Skip to main content
  • October Update: How to Interpret New ICD-10 Codes

    Each October, new and updated ICD-10 codes go into effect.

    Although some practices have already begun using these codes, payers may not be as quick to update their systems. If you get a denial based on a diagnosis, ask about what the payer allows. It may be that their systems are not up to date. 

    For 2020, we advise practices to review the “Excludes1” edits that impact ophthalmology. The term Excludes1 means that you cannot code two diagnoses together when it is not possible for both conditions to occur together. An example would be a congenital form versus an acquired form of the same condition.

    Medicare has stated that if the two diagnoses are unrelated, you can use both. But in an appeal, the burden is on the physician to provide the necessary documentation that they are indeed unrelated.

    Excludes1 edits are now becoming more burdensome to practices, so be aware of what impacts your specialty.

    For example, H35.2- “Other nondiabetic proliferative retinopathy” has an Excludes1 stating that proliferative vitreo-retinopathy with retinal detachment (H33.4-) should not be coded in the same session. We also see that H53.03 Strabismic amblyopia has an Excludes1 indicating that strabismus (H50.-) cannot be coded in the same session.

    There are a few new ICD-10 codes that impact ophthalmology.

    Failed Vision Screening

    These codes are typically for pediatric ophthalmologists to use for patients referred from schools and primary care offices when they fail a vision screening:

    Z01.020 Encounter for examination of eyes and vision following failed vision screening without abnormal findings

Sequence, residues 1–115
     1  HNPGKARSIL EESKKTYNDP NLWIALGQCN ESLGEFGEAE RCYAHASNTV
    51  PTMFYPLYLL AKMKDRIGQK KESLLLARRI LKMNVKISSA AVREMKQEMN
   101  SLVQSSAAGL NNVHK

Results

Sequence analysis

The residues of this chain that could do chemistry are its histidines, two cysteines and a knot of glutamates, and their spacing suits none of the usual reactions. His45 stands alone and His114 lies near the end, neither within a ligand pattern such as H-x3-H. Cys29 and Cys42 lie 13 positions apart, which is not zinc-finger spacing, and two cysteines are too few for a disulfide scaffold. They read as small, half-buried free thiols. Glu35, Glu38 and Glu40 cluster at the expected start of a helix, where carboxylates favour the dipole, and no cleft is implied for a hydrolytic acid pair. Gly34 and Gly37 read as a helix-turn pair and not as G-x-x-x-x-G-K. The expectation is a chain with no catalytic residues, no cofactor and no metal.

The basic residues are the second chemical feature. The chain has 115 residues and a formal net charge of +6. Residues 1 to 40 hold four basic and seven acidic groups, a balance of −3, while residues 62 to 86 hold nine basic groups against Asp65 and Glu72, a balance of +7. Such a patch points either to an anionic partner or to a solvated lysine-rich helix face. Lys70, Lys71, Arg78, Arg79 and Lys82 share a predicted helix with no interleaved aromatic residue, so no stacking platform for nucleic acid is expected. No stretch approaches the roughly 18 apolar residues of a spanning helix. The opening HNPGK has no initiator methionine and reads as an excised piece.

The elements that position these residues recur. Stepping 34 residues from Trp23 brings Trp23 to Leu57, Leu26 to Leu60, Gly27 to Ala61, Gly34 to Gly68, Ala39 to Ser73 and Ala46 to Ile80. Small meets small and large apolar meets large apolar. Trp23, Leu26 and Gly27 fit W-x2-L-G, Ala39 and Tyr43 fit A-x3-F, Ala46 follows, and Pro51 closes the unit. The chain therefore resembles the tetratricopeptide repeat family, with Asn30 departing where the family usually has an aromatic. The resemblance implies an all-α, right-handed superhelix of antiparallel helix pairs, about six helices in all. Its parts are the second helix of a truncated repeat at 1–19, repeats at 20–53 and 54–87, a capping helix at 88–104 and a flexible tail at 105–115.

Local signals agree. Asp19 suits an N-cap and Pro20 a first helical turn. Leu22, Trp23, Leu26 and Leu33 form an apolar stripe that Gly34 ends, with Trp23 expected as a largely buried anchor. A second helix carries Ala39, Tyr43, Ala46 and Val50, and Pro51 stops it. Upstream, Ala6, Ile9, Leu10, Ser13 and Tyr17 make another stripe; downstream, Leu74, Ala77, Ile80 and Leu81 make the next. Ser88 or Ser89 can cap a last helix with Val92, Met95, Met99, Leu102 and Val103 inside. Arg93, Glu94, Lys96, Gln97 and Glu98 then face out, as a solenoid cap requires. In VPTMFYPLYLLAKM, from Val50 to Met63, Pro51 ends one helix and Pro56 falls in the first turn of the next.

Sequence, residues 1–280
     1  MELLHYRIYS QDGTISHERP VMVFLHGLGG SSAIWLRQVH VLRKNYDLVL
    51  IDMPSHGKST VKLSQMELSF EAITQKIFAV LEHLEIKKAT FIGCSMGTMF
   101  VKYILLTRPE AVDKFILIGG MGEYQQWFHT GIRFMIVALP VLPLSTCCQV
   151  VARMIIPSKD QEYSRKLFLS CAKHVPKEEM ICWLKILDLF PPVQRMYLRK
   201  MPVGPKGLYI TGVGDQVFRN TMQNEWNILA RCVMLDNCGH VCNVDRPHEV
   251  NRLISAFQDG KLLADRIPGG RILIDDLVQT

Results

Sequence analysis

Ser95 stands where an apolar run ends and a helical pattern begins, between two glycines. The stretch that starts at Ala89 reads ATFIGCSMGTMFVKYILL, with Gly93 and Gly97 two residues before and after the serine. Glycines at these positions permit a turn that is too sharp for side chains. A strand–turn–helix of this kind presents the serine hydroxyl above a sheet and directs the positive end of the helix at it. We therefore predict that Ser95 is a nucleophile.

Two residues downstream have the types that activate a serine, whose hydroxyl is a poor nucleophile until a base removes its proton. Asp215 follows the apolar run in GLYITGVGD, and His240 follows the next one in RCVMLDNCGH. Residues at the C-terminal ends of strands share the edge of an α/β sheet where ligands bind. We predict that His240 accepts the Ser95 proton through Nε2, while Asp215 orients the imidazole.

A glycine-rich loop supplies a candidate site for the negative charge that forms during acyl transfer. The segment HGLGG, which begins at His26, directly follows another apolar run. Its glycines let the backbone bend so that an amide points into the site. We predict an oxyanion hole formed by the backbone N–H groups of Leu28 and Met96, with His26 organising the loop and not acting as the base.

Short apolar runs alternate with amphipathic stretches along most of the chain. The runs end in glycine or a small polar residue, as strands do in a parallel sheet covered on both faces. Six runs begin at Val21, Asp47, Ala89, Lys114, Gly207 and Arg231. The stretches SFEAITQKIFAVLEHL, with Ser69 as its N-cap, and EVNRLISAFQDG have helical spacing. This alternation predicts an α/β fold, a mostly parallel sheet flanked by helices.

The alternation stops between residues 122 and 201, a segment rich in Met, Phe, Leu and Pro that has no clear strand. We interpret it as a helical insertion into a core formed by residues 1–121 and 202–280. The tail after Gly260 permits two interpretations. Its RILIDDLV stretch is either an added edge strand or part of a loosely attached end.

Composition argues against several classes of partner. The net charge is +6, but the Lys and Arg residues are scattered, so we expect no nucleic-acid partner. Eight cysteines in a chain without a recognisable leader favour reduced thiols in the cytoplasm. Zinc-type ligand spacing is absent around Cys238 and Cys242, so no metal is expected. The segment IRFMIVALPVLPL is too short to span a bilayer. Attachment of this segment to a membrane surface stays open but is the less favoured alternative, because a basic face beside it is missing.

Z01.021 Encounter for examination of eyes and vision following failed vision screening with abnormal findings 

    Fractures of Orbital Roof, Medial Wall and Lateral Wall

    These codes expand existing codes for fractures of the orbit, including additional character codes for indicating the location and status of fractures somewhere in the orbit. 

    • S02.12-- Fracture of orbital roof
    • S02.83-- Fracture of medial orbital wall
    • S02.84-- Fracture of lateral orbital wall

    These codes will have seven characters with these characteristics:

    The sixth character indicates laterality: 1 = right eye, 2 = left eye

    The seventh and final character tells more about the status of the fracture:

    • A for initial encounter, closed fracture 
    • B for initial encounter, open fracture 
    • D for subsequent encounter with routine healing 
    • G for subsequent encounter with delayed healing 
    • K for subsequent encounter for fracture with nonunion 
    • S for sequela. Sequela is typically used as a secondary code to the new condition the patient has. We most often see this used in third-party liability payers like workers compensation.  

    Here are two examples of how the new codes would work:  

    • S02.831D would be used for a subsequent encounter for a right eye fracture of medial orbital wall with routine healing.
    • S02.122G would be used for a subsequent encounter of the left eye orbital roof fracture with delayed healing.

    Further Resources

    These updates and others can be found in ICD-10-CM for 2020 and online Coding Coach effective Oct. 1.

    About the author: Jennifer S. Edgar, CPC, CPCO, OCS, OCSR, is a coding specialist and manager in the Academy’s Coding and Reimbursement section. She also is a contributing author to the Ophthalmic Coding Coach and Ophthalmic Coding series.